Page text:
- co-organised workshop ‘War and Gender: Constructions of Gender in the Aftermath of World War II in Literature and Film', University of Leeds, September 2003
- co-organised European Cinema Research Forum conference ‘Screening Identities', University of Leeds, July 2005.
- 14th-15th July, 2008, 'Re-envisioning the Child in Italian Film' (co-organized with Roger Pitt)
- September, 2010, ‘Representing Female Prostitutes between the 19th and 21st Centuries' (conference co-organized with Kate Taylor, in conjunction with CISSGE)
Conference Papers Given (since 2008)
- ‘From Sultans to Kept Men: Prostitution as a ‘queering’ mechanism in postwar Italian cinema’ - January 2009 at University of Bradford, MECCSA conference
- ‘Postfeminist Women: A Laughing Matter for Italian Cinema’ - April, 2009, New York, AAIS conference
- ‘Contemporary Italian Cinema in the Light of Postfeminism’ - May, 2009, King’s College, London, Popular Italian Cinema Conference
- ‘Gendered Affects: Emotions, cinematic address and spectatorship in Italy’ - November, 2009, Italy and the Emotions (ASMI conference)
- ‘Bruttissima, Bruttina, or Just Not Bellissima? Italian Comedy and the “Other” Female’ - June, 2010, British School in Rome, Language, Space and Otherness in Italy since 1861 conference
- ‘Dirty Pretty Things: Between ‘Velinocrazia’ and ‘Mignottocrazia’’ – November, 2010, Queen Mary, University of London, Italian Political cinema workshop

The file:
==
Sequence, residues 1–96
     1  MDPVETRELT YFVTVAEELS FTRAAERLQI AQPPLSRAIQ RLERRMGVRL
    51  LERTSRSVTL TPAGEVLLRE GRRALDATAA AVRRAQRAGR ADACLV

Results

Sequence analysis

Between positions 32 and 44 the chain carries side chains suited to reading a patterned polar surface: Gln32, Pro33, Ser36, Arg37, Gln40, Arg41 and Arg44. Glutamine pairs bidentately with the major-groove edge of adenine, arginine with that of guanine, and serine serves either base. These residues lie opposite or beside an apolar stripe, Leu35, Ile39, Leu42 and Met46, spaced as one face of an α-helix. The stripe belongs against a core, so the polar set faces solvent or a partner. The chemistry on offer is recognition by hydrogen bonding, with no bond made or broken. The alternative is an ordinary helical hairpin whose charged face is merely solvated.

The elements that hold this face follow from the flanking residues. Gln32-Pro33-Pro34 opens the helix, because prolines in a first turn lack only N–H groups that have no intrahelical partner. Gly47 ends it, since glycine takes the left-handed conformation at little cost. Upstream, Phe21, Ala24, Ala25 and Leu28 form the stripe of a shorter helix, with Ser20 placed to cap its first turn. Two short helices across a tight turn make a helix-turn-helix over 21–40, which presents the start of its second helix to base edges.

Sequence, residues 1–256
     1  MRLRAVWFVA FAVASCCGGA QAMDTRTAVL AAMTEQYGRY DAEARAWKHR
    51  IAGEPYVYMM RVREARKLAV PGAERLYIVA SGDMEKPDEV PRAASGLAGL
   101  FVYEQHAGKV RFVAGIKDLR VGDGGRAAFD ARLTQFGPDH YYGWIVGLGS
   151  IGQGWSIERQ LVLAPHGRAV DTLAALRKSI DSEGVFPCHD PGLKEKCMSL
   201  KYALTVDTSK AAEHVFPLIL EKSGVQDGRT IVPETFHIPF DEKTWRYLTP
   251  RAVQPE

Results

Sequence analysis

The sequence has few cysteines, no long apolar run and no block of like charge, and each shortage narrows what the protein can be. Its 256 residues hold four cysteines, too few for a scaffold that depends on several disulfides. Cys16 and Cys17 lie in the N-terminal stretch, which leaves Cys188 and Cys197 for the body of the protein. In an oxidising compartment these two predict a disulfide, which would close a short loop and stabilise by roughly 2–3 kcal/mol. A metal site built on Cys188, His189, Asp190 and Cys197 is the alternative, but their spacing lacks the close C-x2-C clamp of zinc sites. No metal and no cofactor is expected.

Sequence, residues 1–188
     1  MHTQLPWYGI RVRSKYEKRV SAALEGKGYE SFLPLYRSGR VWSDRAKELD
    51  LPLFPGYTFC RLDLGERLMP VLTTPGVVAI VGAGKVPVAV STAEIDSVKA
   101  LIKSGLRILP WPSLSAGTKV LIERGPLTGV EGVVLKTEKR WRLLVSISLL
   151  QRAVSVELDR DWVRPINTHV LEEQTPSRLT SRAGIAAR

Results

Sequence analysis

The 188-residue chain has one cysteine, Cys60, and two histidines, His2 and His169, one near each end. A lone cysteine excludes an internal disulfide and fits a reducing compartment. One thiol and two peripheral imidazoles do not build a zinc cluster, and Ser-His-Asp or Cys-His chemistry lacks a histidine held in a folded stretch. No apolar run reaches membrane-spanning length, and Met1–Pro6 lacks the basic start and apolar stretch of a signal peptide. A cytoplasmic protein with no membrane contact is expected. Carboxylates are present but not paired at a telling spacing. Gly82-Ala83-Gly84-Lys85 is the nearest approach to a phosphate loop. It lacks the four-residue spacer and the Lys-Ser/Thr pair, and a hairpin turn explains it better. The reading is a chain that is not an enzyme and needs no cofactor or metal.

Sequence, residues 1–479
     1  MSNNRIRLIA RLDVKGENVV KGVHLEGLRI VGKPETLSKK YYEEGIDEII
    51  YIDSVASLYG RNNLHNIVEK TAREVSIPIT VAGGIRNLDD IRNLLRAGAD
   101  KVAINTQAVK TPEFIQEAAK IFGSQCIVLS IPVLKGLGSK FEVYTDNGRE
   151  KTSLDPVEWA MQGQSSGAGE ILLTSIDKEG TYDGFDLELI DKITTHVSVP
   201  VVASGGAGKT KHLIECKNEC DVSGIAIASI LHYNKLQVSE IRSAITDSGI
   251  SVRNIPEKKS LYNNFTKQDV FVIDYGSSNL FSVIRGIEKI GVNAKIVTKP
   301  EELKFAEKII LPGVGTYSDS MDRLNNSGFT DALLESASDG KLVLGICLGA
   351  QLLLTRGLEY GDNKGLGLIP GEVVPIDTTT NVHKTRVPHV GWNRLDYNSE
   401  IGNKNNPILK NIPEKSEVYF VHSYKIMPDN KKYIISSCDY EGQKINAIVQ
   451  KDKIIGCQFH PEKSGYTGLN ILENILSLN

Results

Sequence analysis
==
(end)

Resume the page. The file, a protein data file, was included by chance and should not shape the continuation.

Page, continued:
- ‘Il fenomeno Moccia: The language of Italian Postfeminism, - December 2010, Birkbeck, University of London, ‘L’italiano e il cinema’ conference (invited participant)
- ‘In Search of Italian Cinema Audiences of the 1940s and 1950s’ with Daniela Treveri-Gennari and Catherine O’Rawe – March 2011, Edinburgh International Film Audiences Conference
- ‘Un fiore nel fango: Alida Valli and the prostitute melodrama’ – July 2011, St. Andrews, Society for Italian Studies biennial conference; September 2011, Diva conference, University of Cambridge
- ‘Performing Femininities: Italian cinema, girls and showgirls’, IOE, London, Pornified: Complicating debates about sexualisation conference?
Danielle Hipkins started teaching Italian language and culture upon graduation from Oxford in 1996, working as a Graduate Teaching Assistant at the University of Warwick whilst studying for a PhD on contemporary Italian Women Writers until 2000. In 2001 she took up her first lecturing post at the University of Leeds, where she worked until joining Exeter in 2006.